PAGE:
Being a fan of segmented turning I joined the group Segmented Woodturners, a chapter of the AAW, earlier this year. While I’ve made quite a few segmented turnings, I have not yet made a segmented bowl… well until now! The current preseident of the Segmented Woodturners group is Malcolm Tibbets, an astonishly talented turner. Malcolm has written a book on segmented turning and has also produced four dvd’s on the subject. With Malcolm’s advice and encouragement, I inc...
Since the first of the year I’ve turned my first two bowls from curly maple and made a custom pen & pencil set with case out of Mahogany. I’ll be posting pics soon! I’ve also received a donation of several Walnut logs (saved from a friends firewood pile!), that I believe are going to make some excellent bowl, platter and vessel blanks. The price was right (free!) so they’ll certainly make for good turning practice as well as nice final products (at least I hope!).
I had a chance, yesterday, to spend another delightful afternoon/evening with Mike (aka jockmike2). Each time I visit, it seems my confidence level goes up a notch and I spend more time doing some actual turning. So there was much progress with the bowl I was working on and it would seem that it is not destined to spend the rest of its days as a permanent addition to Mike’s chuck. The piece we worked on is a chunk of maple that Mike was kind enough to donate to the teaching process. ...
http://www.blackroses.com/~skip/woodturning/problems/ I picked up some 4F pumice and some rottenstone… I sanded to 400, then used the pumice. I put some of the paraffin oil on a rag, and sprinkled on the pumice. Needless to say, I was quite surprised when the white powder turned ashy, but I cranked up the speed on the lathe and went at it. In short order, the surface was gleaming!“I can’t wait to try out the rottenstone!” Or so I thought… it seems to have gotten into the ?pores? of the ...
Yesterday marked the start of finally getting into bowl turning, something I’d been meaning to do for a while really. The whole pen making thing was as much accidental as anything else, since I got a bunch of pen kits with my cheap lathe, and it seemed a good way to pass the time and churn out some holiday gifts in the process. (I’ve actually sold a couple, amusingly, so I guess its a good time filler afterall) However, I’d really bought the lathe to learn to turn bowls...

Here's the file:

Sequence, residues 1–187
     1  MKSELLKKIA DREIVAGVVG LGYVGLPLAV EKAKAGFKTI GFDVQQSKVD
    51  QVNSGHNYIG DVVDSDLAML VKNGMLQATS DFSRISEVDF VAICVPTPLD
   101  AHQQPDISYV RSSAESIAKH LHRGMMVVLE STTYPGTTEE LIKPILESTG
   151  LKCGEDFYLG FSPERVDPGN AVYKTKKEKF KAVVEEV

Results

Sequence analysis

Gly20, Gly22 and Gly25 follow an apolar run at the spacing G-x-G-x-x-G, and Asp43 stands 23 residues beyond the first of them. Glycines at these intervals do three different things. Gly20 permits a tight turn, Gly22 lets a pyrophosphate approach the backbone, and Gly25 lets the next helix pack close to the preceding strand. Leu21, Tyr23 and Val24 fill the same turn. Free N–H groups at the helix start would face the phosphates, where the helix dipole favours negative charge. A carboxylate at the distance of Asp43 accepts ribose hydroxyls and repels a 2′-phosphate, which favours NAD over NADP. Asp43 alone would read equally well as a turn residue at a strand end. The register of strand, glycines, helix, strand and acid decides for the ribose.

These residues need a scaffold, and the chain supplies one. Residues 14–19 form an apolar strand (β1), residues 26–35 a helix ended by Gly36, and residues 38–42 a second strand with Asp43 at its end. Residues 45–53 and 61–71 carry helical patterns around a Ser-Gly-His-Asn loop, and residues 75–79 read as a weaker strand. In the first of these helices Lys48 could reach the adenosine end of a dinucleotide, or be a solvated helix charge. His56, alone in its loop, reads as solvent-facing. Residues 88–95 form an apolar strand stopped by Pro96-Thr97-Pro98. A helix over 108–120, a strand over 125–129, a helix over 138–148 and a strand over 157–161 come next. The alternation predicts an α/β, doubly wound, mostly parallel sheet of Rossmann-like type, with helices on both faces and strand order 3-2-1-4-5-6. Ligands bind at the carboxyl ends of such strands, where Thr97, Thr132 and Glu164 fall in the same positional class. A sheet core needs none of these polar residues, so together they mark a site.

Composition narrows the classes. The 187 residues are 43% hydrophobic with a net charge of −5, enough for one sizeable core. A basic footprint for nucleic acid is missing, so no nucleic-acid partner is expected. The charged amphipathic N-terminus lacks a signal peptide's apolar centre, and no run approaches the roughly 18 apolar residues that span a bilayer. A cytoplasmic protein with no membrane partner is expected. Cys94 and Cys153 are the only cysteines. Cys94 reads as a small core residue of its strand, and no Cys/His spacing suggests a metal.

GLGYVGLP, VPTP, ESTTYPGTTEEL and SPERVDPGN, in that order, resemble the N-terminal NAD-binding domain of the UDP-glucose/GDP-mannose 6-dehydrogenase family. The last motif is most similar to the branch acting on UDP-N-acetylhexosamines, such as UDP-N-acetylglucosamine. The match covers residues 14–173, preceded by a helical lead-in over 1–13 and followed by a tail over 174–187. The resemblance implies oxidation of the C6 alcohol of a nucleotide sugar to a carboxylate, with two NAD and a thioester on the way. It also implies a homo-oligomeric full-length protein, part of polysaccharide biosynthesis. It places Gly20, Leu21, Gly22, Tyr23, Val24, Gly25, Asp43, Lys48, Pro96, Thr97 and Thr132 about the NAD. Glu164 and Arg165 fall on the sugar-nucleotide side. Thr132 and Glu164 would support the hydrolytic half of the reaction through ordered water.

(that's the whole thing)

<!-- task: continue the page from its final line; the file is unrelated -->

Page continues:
Been busy with my day job lately but was able to spend a few hours downstairs. I am finally starting to deal with my wood hoard and getting pieces together for small gifts for a couple family members. Mostly weekend style projects that probably will include an ornament or two and a couple of boxes. I am a notorious hoarder of wood and I have wood scraps, pieces of furniture, and even a few rough pieces of wood that I saved from a maple tree I cut down a couple years ago. At the time of cut...
This video from 83 years ago follows a German woodworker as he selects a log half, cuts out a bowl blank on a large band saw, and then turns 3 separate parts to create a lidded bowl. It’s neat to feel such a kinship with a guy at his lathe some 13 years before his country would enter into WWII. I wonder if he made it to the war, and what he thought of it. There’s something a lot more tangible about this video than the still black and white photos of men with saws over their shoul...
I found a nice 5’ piece of red oak at Home Depot that was a bit odd in hue, having more depth to its grain than what I usually see there. I had visions of turning some square plates, so I snagged it: I really slacked off on pics of this turning. This is the only one: In it, I’ve cut the end from the plank to square it up and remove the chipped edges. Then I cut 2 pieces off as long as the plank was wide (7-1/4”). Then I cut some squares of birch from a leng...
In my last post, I showed some Jacaranda log halves I’d cut up and sealed in preparation for turning them into bowls. Here’s the first one I turned. It’s a very simple bowl. I concentrated a lot here on just practicing techniques, getting a very flat, slightly rounded slope to the inside bottom, and not suffering any catches or gouges. I didn’t want to leave any tool marks this time. This is a rough turning, and has been drying now for 10 days. For the first wee...
I didn’t take process shots, but I rough-turned these two over the last week or so from the halves of a single jacaranda log resawed in half. Each was bagged immediately in its own shavings to slow drying and resist checking, though one has checked a bit anyway. Once they’ve dried enough to stop moving, I’ll chuck them up again and turn them back to round, and refine their shapes. I still consider myself in early training-mode, and as such, these are just more training piece...
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